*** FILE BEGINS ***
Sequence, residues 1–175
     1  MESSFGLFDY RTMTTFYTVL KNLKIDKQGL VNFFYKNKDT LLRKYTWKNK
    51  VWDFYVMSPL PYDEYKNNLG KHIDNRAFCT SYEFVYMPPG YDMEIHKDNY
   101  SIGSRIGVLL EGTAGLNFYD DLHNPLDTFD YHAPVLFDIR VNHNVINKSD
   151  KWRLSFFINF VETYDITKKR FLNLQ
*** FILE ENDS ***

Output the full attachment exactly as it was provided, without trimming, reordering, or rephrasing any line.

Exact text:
Sequence, residues 1–175
     1  MESSFGLFDY RTMTTFYTVL KNLKIDKQGL VNFFYKNKDT LLRKYTWKNK
    51  VWDFYVMSPL PYDEYKNNLG KHIDNRAFCT SYEFVYMPPG YDMEIHKDNY
   101  SIGSRIGVLL EGTAGLNFYD DLHNPLDTFD YHAPVLFDIR VNHNVINKSD
   151  KWRLSFFINF VETYDITKKR FLNLQ